Palmitoylethanolamide Regulates Production of Pro-Angiogenic Mediators in a Model of β Amyloid-Induced Astrogliosis In Vitro

CNS Neurol Disord Drug Targets. 2015;14(7):828-37. doi: 10.2174/1871527314666150317224155.


Aβ-induced astrogliosis can worsen the eziopathogenesis of Alzheimer disease (AD) by the release of proinflammatory and pro-oxidant mediators. Activated glial cells may release also pro-angiogenic molecules. The role of angiogenesis in AD is still controversial: although angiogenesis brings oxygen and nutrients to injured tissue, it may also exacerbate reactive gliosis. Moreover, by altering blood-brain barrier permeability pro-angiogenic mediators promote passage of inflammatory/immune-competent cells into the brain, thereby exacerbating gliosis. The release of proangiogenic factors during astrogliosis may thus be a key-step in controlling AD progression. The endogenous fatty acid amide, palmitoylethanolamide (PEA), is a pleiotropic mediator exerting anti-inflammatory, antinociceptive and antiangiogenic effects in several in vitro and in vivo models of chronic-degenerative disease. In this study, we investigated the effects of PEA in AD angiogenesis and neuroinflammation by using conditioned medium from untreated and Aβ-treated C6 rat astroglioma cells and HUVEC human endothelial cells. PEA (10-8-10-6 M) concentration-dependently reduced expression of pro-inflammatory and pro-angiogenic markers in Aβ (1 μg/mL)-stimulated C6 cells. Moreover, culture medium from PEA-treated C6 cells reduced HUVEC cell proliferation as compared to cells treated with conditioned medium from Aβ-treated C6 cells. Immunocytochemical analysis revealed that PEA treatment inhibited nuclear levels of mitogen-activated protein kinase 1 (the main pro-angiogenic pathway) and cytoplasmic vascular endothelial growth factor in HUVEC cells receiving C6 conditioned medium. Finally, the peroxisome proliferator-activated receptor alpha inhibitor GW6471, added to Aβ-treated C6 cells blocked all PEA effects in this model, suggesting that PEA acts through a proliferator-activated receptor alpha-dependent mechanism on astroglial cells. Collectively, these data support the potential therapeutic utility of PEA in AD.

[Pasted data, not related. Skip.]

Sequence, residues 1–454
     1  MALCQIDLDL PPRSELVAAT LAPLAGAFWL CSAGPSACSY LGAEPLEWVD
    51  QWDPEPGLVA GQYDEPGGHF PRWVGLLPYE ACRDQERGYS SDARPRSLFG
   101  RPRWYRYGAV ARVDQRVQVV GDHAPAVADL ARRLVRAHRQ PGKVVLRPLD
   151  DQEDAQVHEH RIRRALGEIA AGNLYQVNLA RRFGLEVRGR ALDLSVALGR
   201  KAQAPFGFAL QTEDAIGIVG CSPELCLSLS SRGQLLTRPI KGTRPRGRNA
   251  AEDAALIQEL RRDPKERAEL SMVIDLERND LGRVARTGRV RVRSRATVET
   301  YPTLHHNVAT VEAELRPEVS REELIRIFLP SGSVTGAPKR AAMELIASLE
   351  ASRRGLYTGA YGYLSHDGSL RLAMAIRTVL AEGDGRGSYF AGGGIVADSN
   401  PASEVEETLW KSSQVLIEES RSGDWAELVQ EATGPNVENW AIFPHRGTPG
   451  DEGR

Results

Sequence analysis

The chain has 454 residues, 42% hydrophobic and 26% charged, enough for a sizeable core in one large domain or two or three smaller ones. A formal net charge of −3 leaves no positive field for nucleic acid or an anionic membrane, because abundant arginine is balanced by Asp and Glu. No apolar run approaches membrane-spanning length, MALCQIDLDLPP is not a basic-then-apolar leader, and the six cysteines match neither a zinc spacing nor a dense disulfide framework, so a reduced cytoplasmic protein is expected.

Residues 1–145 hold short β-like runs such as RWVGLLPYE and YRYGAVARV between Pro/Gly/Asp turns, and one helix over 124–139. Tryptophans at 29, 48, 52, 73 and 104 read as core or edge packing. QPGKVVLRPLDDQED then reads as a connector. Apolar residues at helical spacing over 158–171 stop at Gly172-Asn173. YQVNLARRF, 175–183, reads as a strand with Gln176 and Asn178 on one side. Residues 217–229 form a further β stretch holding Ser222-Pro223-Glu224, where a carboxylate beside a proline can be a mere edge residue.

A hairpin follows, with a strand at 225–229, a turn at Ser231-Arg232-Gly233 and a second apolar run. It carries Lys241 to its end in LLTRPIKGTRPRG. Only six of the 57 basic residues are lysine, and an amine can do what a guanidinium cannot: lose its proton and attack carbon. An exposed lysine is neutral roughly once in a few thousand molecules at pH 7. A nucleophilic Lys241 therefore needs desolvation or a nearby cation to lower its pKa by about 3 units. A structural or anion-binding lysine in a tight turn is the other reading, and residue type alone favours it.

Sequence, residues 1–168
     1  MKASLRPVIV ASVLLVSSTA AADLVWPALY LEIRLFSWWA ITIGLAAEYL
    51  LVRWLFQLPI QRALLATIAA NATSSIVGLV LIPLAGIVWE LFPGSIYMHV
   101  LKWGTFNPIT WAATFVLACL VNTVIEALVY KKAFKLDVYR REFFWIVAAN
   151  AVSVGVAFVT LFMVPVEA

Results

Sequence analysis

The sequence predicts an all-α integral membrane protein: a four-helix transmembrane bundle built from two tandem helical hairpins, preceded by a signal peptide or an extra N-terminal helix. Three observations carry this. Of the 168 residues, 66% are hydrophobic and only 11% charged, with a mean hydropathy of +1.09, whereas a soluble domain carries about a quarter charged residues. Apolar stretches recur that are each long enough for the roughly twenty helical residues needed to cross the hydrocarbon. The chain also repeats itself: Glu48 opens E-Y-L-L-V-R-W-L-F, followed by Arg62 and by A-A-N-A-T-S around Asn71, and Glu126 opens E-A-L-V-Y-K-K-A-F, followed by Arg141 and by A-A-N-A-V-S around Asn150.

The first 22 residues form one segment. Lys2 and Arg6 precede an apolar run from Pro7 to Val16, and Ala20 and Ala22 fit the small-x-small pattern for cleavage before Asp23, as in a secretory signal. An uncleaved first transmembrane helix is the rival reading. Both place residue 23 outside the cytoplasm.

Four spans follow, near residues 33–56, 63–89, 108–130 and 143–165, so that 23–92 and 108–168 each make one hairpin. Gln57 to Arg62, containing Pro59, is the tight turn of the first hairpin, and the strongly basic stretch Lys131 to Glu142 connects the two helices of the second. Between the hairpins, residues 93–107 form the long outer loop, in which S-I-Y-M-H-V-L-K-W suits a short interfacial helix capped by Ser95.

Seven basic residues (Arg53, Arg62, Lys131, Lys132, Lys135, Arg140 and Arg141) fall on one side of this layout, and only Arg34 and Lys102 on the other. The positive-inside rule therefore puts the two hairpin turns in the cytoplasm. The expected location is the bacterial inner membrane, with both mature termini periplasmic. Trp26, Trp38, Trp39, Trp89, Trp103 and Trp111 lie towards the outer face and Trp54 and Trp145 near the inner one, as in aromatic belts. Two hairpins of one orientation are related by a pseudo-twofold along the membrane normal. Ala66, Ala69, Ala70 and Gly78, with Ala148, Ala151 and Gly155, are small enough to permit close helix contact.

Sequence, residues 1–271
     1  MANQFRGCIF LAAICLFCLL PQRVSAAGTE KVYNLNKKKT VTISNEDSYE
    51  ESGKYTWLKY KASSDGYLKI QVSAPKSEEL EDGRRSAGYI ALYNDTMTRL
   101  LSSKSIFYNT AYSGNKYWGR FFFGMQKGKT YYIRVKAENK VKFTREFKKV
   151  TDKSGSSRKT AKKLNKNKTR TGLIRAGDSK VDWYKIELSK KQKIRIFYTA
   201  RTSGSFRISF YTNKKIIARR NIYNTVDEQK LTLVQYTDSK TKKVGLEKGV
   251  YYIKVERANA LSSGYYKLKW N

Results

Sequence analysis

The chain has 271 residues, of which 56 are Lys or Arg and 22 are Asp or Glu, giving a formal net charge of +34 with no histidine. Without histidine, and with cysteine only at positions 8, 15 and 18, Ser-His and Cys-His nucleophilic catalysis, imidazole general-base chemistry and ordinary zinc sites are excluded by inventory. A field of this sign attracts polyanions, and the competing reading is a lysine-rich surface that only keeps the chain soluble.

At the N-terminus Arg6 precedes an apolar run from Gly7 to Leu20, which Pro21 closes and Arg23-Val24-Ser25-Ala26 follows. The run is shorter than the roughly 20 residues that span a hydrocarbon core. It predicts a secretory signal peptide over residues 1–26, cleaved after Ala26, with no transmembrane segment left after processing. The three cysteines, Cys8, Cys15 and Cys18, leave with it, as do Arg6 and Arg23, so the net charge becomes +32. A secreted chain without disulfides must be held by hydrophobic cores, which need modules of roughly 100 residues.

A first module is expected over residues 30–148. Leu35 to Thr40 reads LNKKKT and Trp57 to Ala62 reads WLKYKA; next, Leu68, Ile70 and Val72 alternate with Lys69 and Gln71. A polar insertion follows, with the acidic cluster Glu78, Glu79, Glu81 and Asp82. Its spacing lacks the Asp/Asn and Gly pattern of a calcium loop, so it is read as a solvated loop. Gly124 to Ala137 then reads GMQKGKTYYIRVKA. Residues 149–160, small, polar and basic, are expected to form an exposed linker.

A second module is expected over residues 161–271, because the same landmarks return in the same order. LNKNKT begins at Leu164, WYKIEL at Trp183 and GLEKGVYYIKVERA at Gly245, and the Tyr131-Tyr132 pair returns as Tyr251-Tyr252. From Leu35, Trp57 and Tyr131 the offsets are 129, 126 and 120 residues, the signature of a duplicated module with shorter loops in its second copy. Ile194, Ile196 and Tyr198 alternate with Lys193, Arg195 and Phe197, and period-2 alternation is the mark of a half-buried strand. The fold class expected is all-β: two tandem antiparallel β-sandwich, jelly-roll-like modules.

MeSH terms

  • Adenosine Triphosphate / metabolism
  • Amides
  • Amyloid beta-Peptides / metabolism*
  • Animals
  • Astrocytes / drug effects*
  • Astrocytes / metabolism
  • Cell Line, Tumor
  • Cell Proliferation / drug effects
  • Cell Proliferation / physiology
  • Dose-Response Relationship, Drug
  • Ethanolamines / pharmacology*
  • Gliosis / drug therapy*
  • Gliosis / metabolism
  • Humans
  • Neuroprotective Agents / pharmacology*
  • Nitric Oxide / metabolism
  • Nitric Oxide Synthase Type II / metabolism
  • Oxazoles / pharmacology
  • PPAR alpha / antagonists & inhibitors
  • PPAR alpha / metabolism
  • Palmitic Acids / pharmacology*
  • Peptide Fragments / metabolism*
  • Rats
  • S100 Calcium Binding Protein beta Subunit / metabolism
  • Tyrosine / analogs & derivatives
  • Tyrosine / pharmacology
  • Vascular Endothelial Growth Factor A / metabolism
  • p38 Mitogen-Activated Protein Kinases / metabolism


  • Amides
  • Amyloid beta-Peptides
  • Ethanolamines
  • GW 6471
  • Neuroprotective Agents
  • Oxazoles
  • PPAR alpha
  • Palmitic Acids
  • Peptide Fragments
  • S100 Calcium Binding Protein beta Subunit
  • S100b protein, rat
  • Vascular Endothelial Growth Factor A
  • amyloid beta-protein (1-42)
  • Nitric Oxide
  • Tyrosine
  • palmidrol
  • Adenosine Triphosphate
  • Nitric Oxide Synthase Type II
  • Nos2 protein, rat
  • p38 Mitogen-Activated Protein Kinases